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New post 12 Mar 2018, 15:53
1
Mo2men wrote:
MartyMurray wrote:
At a certain university, the Psychology department hired four professors, and the Economics department hired sixteen professors. In hiring those professors, the Psychology Department hired 20 percent of the women who applied and 20 percent of the men who applied. The Economics department hired 80 percent of the women who applied and 80 percent of the men who applied. However, a greater percentage of all the men who applied than of all the women who applied were hired.

Which of the following can be properly inferred from the statements above?

A. Of all the women who applied, the proportion who applied for positions in the Psychology department was greater than the proportion of all the men who applied who did.

B. The total number of men who applied was less than the total number of women who applied.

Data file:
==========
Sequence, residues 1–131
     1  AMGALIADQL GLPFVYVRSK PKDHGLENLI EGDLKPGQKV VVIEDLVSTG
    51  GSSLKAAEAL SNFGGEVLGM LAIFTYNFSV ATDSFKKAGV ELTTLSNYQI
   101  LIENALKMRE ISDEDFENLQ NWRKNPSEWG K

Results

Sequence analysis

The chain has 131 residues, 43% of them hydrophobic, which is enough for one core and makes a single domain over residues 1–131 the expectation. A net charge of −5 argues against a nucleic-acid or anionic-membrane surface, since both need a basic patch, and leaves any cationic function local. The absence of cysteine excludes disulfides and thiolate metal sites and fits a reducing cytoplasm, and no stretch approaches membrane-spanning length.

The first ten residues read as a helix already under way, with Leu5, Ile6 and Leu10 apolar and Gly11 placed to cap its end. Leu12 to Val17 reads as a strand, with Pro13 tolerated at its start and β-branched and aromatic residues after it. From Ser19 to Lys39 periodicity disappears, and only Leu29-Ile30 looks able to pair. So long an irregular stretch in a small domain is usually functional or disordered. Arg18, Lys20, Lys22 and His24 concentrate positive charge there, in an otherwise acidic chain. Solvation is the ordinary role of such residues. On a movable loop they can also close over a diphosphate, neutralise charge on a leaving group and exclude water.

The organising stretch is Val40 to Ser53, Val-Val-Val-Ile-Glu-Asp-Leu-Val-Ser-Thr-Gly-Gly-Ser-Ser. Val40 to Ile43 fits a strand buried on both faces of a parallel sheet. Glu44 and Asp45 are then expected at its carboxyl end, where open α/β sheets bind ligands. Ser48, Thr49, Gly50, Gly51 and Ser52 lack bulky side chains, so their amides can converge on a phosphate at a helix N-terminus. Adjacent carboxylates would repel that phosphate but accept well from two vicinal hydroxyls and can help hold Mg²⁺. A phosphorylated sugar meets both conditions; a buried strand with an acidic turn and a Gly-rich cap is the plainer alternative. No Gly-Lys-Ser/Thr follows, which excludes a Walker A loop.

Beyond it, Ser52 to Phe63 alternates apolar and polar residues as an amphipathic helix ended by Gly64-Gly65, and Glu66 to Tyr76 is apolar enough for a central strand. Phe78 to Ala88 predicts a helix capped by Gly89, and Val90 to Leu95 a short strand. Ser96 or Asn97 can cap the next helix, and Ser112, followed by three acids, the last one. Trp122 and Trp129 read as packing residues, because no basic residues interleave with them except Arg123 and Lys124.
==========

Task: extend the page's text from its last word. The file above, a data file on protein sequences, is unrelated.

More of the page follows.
C. Among those working in the university’s Psychology and Economics departments, the total number of men is greater than the total number of women.

D. The Economics department hired men and women in the same numbers.

E. The Economics department now has more professors than does the Psychology department.


Source: TTP Beta Testing


Hi Marty,

1- What does 'who applied who did'?? I do not understand this?

2- how could I solve this question with 2-3 minutes?


1 - 1 refers to choice A.

A. Of all the women who applied, the proportion who applied for positions in the Psychology department was greater than the proportion of all the men who applied who did.

This answer compares the proportion of the all the women who applied who applied for positions in the Psychology department with the proportion of all the men who applied who applied for positions in the Psychology department.

2 - I'm not sure that this question is quite right for answering within two minutes. All the same, here's a strategy for answering it quickly.

First go through the answers and eliminate the ones that can easily be eliminated.

A - Tough to say. Could be right. Keep for now.

B - This could somehow be correct as well.

C - Tempting, but it's a trap. We know about people who applied and were hired. There could be any number in the departments already working. So, we don't have information supporting this answer.

D. Interesting. Keep and review.

E. This one is like C. Eliminate.